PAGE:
Pairing DDGS, canola meal has negative effects in turkey study

By Holly Jessen | April 09, 2012

A study conducted in Minnesota showed turkeys fed 20 percent distillers grains had similar body weight to turkeys fed a corn-soy diet but that problems developed depending on what alternative feed ingredients were included in the ration with DDGS. “High diet chloride level of 0.32 and 0.42 percent was only detrimental to feed conversion when both DDGS and canola meal were included in the grow-finish diets,” according to a progress report about the study.

The study was prompted by the fact that -- despite research indicating that levels of 10 percent or higher DDGS can be incorporated into poultry diets -- the feed ingredient is typically limited to a lower level. Anecdotally, nutritionists say when DDGS is fed to turkeys, producers sometimes notice wetter barn litter, which can negatively impact bird performance and welfare. Basically, the study’s goal was to fine tune how much distillers grains can be included in turkey diets and examine the impact of adding other ingredients to that diet, said Sally Noll, a professor of poultry science in the Department of Animal Science at the University of Minnesota. Researchers from the Agricultural Utilization Research Institute also participated in the study.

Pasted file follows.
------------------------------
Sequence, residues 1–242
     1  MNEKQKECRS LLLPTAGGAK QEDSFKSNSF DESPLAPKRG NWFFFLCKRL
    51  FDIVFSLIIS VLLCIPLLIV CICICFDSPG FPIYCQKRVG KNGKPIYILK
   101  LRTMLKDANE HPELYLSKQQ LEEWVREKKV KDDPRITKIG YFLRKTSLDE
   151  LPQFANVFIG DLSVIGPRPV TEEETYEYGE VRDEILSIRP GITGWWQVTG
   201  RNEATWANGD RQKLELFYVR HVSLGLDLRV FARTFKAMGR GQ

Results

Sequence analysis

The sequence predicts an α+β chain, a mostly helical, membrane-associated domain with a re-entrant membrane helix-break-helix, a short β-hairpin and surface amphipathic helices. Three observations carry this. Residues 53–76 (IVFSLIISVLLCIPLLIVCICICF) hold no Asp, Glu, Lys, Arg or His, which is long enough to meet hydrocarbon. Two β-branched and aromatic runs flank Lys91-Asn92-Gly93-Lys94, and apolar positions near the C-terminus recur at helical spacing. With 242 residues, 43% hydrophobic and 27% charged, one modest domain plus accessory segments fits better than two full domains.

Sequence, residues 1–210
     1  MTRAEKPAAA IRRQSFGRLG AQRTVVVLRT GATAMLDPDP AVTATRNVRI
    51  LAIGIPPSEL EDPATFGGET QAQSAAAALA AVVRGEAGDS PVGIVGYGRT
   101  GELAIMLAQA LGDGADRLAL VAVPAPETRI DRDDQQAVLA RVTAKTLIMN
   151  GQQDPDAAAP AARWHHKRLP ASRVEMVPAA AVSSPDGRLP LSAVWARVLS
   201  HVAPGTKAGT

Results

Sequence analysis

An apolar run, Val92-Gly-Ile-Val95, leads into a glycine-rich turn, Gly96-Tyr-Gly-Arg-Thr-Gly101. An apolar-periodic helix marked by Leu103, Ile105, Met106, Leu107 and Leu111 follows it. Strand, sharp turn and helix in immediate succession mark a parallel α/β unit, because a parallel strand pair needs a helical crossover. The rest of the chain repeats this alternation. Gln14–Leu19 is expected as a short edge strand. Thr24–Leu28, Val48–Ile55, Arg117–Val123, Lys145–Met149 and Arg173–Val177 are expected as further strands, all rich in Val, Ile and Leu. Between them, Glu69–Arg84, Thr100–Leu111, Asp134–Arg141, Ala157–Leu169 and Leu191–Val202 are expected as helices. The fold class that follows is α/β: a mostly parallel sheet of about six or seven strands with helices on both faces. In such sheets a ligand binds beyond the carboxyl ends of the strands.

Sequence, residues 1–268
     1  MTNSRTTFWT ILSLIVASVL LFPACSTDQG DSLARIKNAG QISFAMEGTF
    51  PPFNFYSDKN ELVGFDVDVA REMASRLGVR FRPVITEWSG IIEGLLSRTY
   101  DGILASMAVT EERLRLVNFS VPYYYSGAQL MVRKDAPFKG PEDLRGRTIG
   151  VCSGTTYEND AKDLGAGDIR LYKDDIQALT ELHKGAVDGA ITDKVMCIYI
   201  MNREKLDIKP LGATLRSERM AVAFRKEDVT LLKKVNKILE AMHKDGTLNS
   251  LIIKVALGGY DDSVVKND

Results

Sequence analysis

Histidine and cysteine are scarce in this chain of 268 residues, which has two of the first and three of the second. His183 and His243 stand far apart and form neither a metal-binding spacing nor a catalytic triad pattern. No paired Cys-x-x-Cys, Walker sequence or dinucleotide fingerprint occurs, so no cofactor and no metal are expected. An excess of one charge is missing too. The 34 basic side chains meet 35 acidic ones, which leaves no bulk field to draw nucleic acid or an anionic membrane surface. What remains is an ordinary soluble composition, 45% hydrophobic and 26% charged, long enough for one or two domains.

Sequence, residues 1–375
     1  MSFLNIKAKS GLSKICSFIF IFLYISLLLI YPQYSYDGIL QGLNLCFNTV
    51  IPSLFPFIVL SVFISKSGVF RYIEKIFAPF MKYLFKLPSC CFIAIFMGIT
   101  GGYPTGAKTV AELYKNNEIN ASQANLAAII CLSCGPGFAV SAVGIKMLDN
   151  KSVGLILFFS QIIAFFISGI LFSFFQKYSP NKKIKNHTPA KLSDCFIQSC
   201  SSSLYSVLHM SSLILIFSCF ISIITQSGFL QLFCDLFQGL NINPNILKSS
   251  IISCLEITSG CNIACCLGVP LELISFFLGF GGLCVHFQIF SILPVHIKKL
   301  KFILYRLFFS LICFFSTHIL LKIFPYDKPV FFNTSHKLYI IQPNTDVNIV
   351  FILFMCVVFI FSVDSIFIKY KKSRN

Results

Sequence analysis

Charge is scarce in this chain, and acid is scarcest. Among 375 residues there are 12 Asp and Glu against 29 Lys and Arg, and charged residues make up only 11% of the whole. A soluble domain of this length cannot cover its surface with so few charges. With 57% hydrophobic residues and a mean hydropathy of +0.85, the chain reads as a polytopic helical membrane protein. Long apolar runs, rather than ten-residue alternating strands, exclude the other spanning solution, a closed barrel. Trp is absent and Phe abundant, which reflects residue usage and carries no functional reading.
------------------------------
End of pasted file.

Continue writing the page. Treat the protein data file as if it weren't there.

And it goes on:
Although sulfur content is typically ignored when considering dietary electrolyte balance, researchers pointed out that it does need to be considered when alternative ingredients are added to the diet. As a case in point, DDGS and canola meal are both high in sulfur. "Chloride level was included in the study as the use of the two feed ingredients would result in higher dietary chloride levels from the use of supplemental lysine which contains chloride as well,” Noll said. When turkeys have an excess of chloride and sulfur in their systems it can have negative impacts to bone integrity, causing skeletal problems. “The preliminary results of the reported study indicate that attention should be paid to the dietary electrolyte balance and chloride level when using multiple alternative feed ingredients to replace some of the corn and soybean meal in grow/finish market turkey tom diets,” the progress report said.

There were a few “take home messages” from the study, Noll said. For one thing, turkeys did well with a 20 percent inclusion level of DDGS. One thing that needs more work, however, is a good metabolizeable energy value for distillers grains, which will help nutritionists avoid negative feed efficiency responses. Another point Noll made was specifically for ethanol producers in reference to the effect of various additives, which result in varying levels of sodium, chloride and sulfur levels. “They do need to recognize that excessive levels of additives could have a negative impact on the product in terms of its feeding value,” she said.